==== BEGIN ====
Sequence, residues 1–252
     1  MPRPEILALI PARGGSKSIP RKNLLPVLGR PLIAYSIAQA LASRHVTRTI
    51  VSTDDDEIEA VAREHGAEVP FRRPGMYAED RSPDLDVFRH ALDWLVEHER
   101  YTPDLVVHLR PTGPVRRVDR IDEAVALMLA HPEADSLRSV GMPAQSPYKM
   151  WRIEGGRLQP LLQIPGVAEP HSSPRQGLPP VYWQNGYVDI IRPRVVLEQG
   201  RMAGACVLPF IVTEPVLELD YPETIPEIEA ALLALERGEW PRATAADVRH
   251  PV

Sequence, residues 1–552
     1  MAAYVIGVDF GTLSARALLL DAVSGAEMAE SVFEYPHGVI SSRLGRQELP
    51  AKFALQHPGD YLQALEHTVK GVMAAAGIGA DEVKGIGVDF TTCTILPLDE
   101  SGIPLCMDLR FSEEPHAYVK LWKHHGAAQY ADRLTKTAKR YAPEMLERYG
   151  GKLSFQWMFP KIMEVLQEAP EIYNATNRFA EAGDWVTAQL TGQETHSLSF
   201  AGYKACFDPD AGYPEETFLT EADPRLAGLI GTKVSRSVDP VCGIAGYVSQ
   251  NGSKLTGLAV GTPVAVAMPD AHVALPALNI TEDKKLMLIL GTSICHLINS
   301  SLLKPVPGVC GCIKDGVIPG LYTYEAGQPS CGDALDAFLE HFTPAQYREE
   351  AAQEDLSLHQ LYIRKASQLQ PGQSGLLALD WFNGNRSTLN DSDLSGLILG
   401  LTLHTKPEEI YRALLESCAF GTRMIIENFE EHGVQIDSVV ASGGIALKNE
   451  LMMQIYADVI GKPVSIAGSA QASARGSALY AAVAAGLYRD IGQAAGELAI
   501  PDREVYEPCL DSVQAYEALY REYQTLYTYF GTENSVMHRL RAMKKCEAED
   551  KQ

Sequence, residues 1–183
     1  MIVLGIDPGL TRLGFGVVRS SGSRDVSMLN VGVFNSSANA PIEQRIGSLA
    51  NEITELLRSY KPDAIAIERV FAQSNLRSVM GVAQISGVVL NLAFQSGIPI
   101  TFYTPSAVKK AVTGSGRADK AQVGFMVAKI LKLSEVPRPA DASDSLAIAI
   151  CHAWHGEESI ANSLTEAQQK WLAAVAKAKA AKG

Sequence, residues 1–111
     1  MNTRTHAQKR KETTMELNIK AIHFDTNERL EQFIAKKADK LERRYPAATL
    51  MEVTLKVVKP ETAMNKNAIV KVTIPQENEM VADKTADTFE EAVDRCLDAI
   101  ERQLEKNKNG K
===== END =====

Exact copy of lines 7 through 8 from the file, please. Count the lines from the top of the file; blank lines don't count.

   251  PV

Sequence, residues 1–552